The Gladers return for a second adventure in the sophomore intallment of The Maze Runner series, aptly titled The Scorch Trials. This time around, they must face and escape The Scorch while trying to find clues about the WCKD, the organisation set on capturing them.
Familiar faces make their way back to the screen, most notably Dylan O’Brien, star and lead of the franchise, Kaya Scodelario, his love interest, and fellow Gladers Thomas Brodie-Sangster, and Ki Hong Lee. This time around, the cast is joined by newcommers Jacob Lofland, Giancarlo Esposito, and Rosa Salazar.
Before I review the film, I’d just like to point out that I haven’t read the books, so my reviews are strictly based on the narrative of the movie. Much like its first installment, there were things I enjoyed about the film, and others I did not.
On the level of acting, O’Brien does a fine job. It is widely known that the movie series diverges from the book, as do the characters and story arcs. I don’t know what Thomas — O’Brien‘s character — is like in the book series, but here, the role offers him space to emotionally explore his character, and the actor does it justice with a believable and leading performance.
Such is also the case with Scodelario‘s Theresa. The actress brings depth and heartache to her conflicted character, but fails to make her very likable. That, of course, goes back to the writing, but the performance lacks the necessary conviction to bridge the gap between her and the viewer.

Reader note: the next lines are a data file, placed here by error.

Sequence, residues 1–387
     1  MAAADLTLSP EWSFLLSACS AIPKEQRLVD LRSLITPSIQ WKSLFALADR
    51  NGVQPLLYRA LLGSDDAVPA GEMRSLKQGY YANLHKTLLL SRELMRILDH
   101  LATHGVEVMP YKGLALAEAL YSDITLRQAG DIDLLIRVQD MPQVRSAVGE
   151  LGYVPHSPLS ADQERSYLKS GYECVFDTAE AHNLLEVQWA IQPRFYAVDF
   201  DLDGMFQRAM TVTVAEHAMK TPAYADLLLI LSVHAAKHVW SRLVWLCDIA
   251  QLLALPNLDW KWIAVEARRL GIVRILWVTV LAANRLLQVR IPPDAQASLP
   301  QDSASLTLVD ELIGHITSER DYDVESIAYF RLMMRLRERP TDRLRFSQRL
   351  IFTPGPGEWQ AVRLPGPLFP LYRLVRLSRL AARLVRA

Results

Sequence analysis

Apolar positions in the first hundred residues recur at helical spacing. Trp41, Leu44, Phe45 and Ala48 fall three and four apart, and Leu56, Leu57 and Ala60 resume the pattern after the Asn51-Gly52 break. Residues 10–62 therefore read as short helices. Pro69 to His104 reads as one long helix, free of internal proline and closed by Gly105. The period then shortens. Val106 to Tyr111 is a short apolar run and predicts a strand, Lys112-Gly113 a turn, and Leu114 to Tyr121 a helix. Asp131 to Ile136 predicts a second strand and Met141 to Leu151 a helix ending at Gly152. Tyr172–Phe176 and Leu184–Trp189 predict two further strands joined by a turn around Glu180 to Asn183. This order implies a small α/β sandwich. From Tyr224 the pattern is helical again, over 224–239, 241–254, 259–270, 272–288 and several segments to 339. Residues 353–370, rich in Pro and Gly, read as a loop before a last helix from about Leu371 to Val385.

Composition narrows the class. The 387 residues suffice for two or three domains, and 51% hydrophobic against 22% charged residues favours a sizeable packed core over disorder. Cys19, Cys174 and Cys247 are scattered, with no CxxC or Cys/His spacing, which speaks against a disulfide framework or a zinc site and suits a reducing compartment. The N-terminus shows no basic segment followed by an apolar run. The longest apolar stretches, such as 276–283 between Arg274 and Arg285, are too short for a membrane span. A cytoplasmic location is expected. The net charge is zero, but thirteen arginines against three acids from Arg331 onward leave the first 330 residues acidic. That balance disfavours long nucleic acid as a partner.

The rest of the cast pulls its weight and delivers the needed support. The ensemble is not exactly the best in terms of acting, but it’s certainly far from bad.
The visuals had their perks this time around. As a fellow journalist pointed out, the film looked like a video game — an incredibly enticing one. And whether that’s a bad thing or a good thing is up for debate. One thing that can be agreed upon, however, is that the action sequences are never boring.
But that’s exactly the problem with The Scorch Trials. All this installment seems to offer is thrilling action sequences. In terms of content, it’s a weak bridge between its predecessor and the closing installment coming in 2017. As a viewer, all you have is a few more questions and close to no answers to your questions from the first film. It doesn’t give you anything substantial to latch on to. One of the bigger revelations (for lack of a better term) is quite obvious is one pieces together the clues and te flashbacks. It’s nothing new.
The film almost focuses more on its subplots than it does on its central premise. It almost feels like the film was structured around its action sequences, and those were garnished with subplots here and there. That probably goes back to the adaptation. From what I know, the book series is quite different from the first two films (of course, they maintain the central plot). In that context, staying faithful to the source material might have been in favour of a better movie.
The camera work is somewhat sloppy. The constant moving around of the camera with no fixed angle was a bit distracting. Granted, there were some beautiful shots in there, complimented by good focalisation, but the film’s camera direction as a whole is otherwise average.
As is the case with most of these sorts of movies, and that’s a shame because they truly do have to potential to be great, the film had a mediocre script that relied on wholly unfunny jokes and uninteresting dialogue. It’s lackluster at best.
Would I recommend the movie? Not unless you’re planning on finishing the series. The film doesn’t bore all that much thanks its well-positioned action sequences, but the lack of narrative substance is the film’s ultimate downfall. Somewhere along the line, your interest feigns. With the final installment coming in 2017, I must say I anticipate it with a little less excitement.
Image Sources: imdb.com, youtube.com, thehollywoodnews.com, hdwallpapers.in, thepoc.net
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